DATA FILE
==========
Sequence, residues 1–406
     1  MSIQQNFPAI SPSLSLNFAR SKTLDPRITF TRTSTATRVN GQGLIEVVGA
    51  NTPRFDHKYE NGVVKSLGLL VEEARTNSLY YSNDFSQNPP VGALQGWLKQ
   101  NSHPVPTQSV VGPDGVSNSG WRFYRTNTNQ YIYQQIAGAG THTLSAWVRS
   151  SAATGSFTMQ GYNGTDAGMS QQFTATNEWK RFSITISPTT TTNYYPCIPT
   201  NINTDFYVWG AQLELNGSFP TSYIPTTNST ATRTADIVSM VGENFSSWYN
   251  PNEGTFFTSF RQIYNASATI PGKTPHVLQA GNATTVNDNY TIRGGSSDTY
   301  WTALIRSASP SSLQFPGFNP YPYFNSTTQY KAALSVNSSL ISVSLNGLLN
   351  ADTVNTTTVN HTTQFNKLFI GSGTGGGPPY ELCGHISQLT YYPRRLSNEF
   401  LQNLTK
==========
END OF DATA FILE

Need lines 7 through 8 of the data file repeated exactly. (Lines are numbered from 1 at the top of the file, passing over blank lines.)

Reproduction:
   251  PNEGTFFTSF RQIYNASATI PGKTPHVLQA GNATTVNDNY TIRGGSSDTY
   301  WTALIRSASP SSLQFPGFNP YPYFNSTTQY KAALSVNSSL ISVSLNGLLN